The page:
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Prevea Health

Aural rehabilitation after cochlear implantation


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Aural rehabilitation is a type of therapy audiologists use to help people improve their quality of life as a result of hearing loss. It is often used to help people who use a listening device such as a traditional hearing aid, cochlear implant or bone anchored hearing aid.

Aural rehabilitation is no different than physical therapy after medical procedures such as a hip or knee replacement. Hearing rehabilitation will help your brain relearn some of what it has been missing and help you get the most out of your cochlear implant or hearing device. The type of rehabilitation needed will vary based on the severity and duration of your hearing loss.

The goal of aural rehabilitation is to help you and those around you learn to become more effective communicators. This involves learning how to:
  • Assess a situation and select the best listening environment for the hearing-impaired person.
  • Effectively use assistive listening devices.
  • Identify strategies to ask speakers to modify their speech rate, or other factors to improve communication.
  • Select venues that have better acoustics.
  • Make decisions to leave poor listening environments that make it difficult to communicate.

Aural rehabilitation also involves listening practice. This is a critical step in rehabilitation following cochlear implantation. Listening practice starts a few days following activation of the sound processor. Each person differs in how much they hear initially. Some people only hear noise at first. You will be given exercises to complete at home such as identifying common speech sounds. As you progress, the exercises will become more challenging. There are many types of aural rehabilitation activities such as smart phone apps, internet-based activities, CDs, books and activities that are done face-to-face with a communication partner. By the end of rehabilitation, the exercises will be done in background noise to make the environment more like the challenging listening environments we find ourselves in every day.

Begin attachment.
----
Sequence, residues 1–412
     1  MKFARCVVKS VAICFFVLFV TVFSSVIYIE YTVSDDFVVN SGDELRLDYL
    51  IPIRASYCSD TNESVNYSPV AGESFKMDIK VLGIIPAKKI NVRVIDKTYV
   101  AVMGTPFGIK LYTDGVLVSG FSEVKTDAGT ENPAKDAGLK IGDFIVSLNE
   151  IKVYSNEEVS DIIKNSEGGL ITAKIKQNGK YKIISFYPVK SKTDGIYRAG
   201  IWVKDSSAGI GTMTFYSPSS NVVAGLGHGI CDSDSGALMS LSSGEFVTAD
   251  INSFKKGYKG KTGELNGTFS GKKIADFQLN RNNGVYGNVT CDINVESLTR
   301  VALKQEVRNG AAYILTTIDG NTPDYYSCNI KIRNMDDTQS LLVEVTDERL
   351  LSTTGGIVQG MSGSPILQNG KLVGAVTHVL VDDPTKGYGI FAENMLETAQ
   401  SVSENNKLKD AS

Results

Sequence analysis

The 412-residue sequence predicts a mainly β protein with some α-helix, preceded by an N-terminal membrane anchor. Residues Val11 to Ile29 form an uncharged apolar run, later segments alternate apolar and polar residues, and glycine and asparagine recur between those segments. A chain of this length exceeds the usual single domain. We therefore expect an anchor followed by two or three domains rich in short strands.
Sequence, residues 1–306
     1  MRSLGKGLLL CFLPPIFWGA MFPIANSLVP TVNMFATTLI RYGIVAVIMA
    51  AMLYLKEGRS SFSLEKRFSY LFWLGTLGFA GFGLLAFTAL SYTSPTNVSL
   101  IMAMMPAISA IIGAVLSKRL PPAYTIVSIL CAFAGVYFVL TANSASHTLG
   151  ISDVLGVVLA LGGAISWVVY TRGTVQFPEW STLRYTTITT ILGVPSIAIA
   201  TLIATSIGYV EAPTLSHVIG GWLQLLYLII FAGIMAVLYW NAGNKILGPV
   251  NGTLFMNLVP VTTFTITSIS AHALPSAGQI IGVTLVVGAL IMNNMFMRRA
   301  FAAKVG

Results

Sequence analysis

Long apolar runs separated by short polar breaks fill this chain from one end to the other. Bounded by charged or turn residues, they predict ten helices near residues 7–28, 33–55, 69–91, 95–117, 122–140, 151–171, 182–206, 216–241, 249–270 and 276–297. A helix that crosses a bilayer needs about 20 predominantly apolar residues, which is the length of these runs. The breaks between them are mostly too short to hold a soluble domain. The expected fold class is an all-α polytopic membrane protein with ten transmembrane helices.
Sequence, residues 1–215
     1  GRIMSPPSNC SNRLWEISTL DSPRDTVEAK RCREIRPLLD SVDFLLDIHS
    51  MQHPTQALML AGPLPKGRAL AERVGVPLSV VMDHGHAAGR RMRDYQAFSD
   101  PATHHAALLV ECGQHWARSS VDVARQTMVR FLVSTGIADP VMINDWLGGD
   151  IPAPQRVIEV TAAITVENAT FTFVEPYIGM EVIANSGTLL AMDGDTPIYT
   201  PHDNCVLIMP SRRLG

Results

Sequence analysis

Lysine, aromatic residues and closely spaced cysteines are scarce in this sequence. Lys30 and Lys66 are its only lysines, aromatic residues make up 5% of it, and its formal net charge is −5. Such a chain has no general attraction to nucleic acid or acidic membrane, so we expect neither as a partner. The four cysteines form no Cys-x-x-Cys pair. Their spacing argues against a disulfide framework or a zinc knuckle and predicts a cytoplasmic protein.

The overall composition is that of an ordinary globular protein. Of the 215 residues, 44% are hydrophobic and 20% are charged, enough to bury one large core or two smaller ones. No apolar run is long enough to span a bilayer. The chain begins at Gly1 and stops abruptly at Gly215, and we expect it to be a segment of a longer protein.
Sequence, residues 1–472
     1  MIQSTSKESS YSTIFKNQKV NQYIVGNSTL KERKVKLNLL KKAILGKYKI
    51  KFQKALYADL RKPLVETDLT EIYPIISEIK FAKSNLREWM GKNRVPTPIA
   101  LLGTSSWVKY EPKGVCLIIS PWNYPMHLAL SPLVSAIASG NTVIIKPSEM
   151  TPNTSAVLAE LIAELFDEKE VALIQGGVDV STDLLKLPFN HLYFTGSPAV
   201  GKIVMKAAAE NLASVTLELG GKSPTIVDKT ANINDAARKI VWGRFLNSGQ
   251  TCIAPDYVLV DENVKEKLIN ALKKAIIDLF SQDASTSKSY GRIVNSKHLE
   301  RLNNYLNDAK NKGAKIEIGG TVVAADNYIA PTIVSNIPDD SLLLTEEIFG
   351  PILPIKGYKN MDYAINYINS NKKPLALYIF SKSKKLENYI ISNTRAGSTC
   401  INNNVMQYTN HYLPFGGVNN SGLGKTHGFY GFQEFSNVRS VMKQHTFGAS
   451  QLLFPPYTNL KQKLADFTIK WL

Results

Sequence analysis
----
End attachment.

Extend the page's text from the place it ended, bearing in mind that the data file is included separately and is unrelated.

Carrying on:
It’s important to remember it will take time before you hear the full range of speech and environmental sounds. The length of your rehabilitation program will depend on how long your hearing was impaired, whether you used a hearing aid in the implanted ear, and the environments you encounter in your daily routine. Most people find that a few months of structured listening practice helps them to get the most out of their new hearing device. With some practice and persistence, listening will become an enjoyable task once again.

If you have questions about aural rehabilitation or think you could benefit from this type of therapy, contact a Prevea Audiologist.

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